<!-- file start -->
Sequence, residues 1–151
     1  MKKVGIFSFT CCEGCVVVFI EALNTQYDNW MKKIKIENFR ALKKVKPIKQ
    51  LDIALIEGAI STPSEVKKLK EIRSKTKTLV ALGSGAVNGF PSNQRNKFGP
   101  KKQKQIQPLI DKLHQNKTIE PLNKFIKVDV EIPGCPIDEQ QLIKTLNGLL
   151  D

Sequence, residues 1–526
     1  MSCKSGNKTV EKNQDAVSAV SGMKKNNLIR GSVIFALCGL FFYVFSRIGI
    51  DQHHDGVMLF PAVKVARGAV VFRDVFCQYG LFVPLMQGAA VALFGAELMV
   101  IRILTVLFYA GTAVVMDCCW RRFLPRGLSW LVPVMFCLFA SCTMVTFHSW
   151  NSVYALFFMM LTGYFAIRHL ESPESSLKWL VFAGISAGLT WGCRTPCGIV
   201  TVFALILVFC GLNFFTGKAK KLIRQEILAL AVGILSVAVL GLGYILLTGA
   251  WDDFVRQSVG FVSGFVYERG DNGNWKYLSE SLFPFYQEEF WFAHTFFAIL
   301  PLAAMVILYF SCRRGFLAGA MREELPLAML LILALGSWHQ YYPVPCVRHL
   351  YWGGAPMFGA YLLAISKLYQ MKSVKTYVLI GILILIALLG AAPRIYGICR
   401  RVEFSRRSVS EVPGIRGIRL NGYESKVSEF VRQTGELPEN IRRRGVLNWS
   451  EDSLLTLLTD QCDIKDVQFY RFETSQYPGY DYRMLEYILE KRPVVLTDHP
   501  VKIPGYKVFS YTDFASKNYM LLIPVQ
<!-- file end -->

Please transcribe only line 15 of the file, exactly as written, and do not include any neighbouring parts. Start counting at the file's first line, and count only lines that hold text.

   401  RVEFSRRSVS EVPGIRGIRL NGYESKVSEF VRQTGELPEN IRRRGVLNWS